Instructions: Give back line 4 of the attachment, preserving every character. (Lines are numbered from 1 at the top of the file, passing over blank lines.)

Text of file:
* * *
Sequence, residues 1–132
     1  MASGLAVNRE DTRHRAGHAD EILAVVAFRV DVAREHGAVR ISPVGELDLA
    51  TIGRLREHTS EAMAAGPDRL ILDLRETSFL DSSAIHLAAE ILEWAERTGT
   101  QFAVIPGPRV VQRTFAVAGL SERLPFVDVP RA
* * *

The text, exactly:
   101  QFAVIPGPRV VQRTFAVAGL SERLPFVDVP RA